"LET ME TELL YOU ABOUT THE VERY RICH": INSCRIBED FIRST EDITION OF FITZGERALD'S ALL THE SAD YOUNG MEN
FITZGERALD, F. Scott. All The Sad Young Men. New York: Charles Scribner's Sons, 1926. Octavo, original green cloth, dust jacket likely supplied at a later date from another copy of the first edition. Housed in a custom half morocco clamshell box. $46,000.
First edition, first issue, inscribed "Most Sincerely, F. Scott Fitzgerald, April 20th 1927, Wilmington, Delaware."
All the Sad Young Men "was Fitzgerald's strongest collection, with four major stories ('The Rich Boy,' 'Winter Dreams,' 'Absolution,' and 'The Sensible Thing') as well as five commercial stories… As was his custom, Fitzgerald polished the magazine texts of these stories. He was convinced that the book publication of stories affected his reputation, whereas the magazine appearances were ignored by the critics" (Bruccoli, Some Sort of Epic Grandeur, 272). In a long letter to his editor Maxwell Perkins, Fitzgerald offered his own suggestions for jacket notes for this collection: "`Show transition from his early exuberant stories of youth which created a new type of American girl and the later and more serious mood which produced The Great Gatsby and marked him as one of the half-dozen masters of English prose now writing in America… What other writer has shown such unexpected developments, such versatility, changes of pace,' etc., etc., etc. I think that, toned down as you see fit, is the general line" (Turnbull, The Letters of F. Scott Fitzgerald, 189-90). When the Fitzgeralds decided to move east after returning to Hollywood from Paris at the end of 1926, Perkins suggested the family look for a house to rent in Delaware. Fitzgerald signed an 18-month lease on a huge colonial-style house called Ellerslie on the west bank of the Delaware River on April 1, a few weeks before the date of this inscription. First issue, with unbattered type on pages 38, 90, and 248. With portion of rear panel of dust jacket (presumably the original dust jacket) tipped to the front pastedown; a dust jacket from another copy of the first edition has been supplied. Bruccoli notes that as the dust jacket was printed, "the lips of the woman on the front show progressive batter"; the lips on this dust jacket are battered, indicating that it came from later in the print run. Bruccoli A13.1.a.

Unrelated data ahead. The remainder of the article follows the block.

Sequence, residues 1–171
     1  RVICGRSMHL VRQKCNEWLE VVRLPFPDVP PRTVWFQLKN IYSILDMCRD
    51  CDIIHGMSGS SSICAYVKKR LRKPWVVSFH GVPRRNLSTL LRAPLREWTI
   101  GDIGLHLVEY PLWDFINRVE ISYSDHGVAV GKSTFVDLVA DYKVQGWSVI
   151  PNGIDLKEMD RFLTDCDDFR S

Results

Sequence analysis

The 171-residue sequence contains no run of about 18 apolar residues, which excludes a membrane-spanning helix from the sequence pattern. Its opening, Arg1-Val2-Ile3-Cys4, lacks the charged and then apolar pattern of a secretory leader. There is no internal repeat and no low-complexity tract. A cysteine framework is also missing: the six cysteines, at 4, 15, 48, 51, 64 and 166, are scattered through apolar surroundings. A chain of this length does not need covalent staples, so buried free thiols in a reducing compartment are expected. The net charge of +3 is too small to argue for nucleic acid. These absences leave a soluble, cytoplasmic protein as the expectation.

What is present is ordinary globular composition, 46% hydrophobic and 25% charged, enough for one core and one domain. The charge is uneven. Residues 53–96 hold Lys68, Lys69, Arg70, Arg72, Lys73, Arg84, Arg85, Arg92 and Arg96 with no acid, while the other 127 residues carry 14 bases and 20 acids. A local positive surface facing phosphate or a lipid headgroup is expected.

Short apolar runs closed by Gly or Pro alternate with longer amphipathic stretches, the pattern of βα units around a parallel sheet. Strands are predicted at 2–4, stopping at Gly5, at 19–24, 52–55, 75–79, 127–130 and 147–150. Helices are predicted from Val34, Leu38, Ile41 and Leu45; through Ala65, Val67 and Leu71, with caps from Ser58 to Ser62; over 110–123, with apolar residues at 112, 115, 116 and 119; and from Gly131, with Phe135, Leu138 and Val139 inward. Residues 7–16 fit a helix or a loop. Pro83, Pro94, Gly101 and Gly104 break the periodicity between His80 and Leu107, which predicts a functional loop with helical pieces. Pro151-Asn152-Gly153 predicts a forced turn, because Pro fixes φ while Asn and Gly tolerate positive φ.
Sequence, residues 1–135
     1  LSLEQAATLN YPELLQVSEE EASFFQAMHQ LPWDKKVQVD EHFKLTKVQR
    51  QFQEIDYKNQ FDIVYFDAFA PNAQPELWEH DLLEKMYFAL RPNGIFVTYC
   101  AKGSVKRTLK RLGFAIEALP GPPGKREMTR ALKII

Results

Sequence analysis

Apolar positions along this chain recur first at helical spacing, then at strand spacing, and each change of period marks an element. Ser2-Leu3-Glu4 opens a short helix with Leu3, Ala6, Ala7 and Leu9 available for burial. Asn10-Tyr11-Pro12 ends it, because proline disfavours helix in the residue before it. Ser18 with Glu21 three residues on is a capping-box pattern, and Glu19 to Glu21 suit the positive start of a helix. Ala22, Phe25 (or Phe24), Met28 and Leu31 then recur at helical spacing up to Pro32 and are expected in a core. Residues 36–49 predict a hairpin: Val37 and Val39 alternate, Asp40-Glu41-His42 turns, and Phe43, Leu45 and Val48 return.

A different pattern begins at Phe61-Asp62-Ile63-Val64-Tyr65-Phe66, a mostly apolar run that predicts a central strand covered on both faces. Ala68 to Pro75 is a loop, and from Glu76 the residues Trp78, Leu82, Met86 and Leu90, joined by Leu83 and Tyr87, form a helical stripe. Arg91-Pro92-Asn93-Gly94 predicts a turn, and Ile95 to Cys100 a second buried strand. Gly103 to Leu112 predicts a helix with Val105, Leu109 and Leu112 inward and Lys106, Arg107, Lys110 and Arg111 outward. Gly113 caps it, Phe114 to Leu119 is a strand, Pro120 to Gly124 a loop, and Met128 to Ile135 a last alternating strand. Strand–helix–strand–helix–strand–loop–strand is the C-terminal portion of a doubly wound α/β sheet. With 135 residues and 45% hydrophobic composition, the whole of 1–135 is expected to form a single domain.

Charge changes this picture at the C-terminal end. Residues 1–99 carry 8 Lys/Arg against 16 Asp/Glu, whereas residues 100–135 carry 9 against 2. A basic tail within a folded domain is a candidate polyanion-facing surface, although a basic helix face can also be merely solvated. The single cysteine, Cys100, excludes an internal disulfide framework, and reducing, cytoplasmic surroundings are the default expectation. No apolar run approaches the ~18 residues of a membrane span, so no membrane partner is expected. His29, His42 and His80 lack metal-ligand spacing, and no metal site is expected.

Book very good with light wear, scarce dust jacket very good with light chipping to head and tail of spine and top edge of rear panel. Inscription and signature large and bold. A very desirable inscribed copy.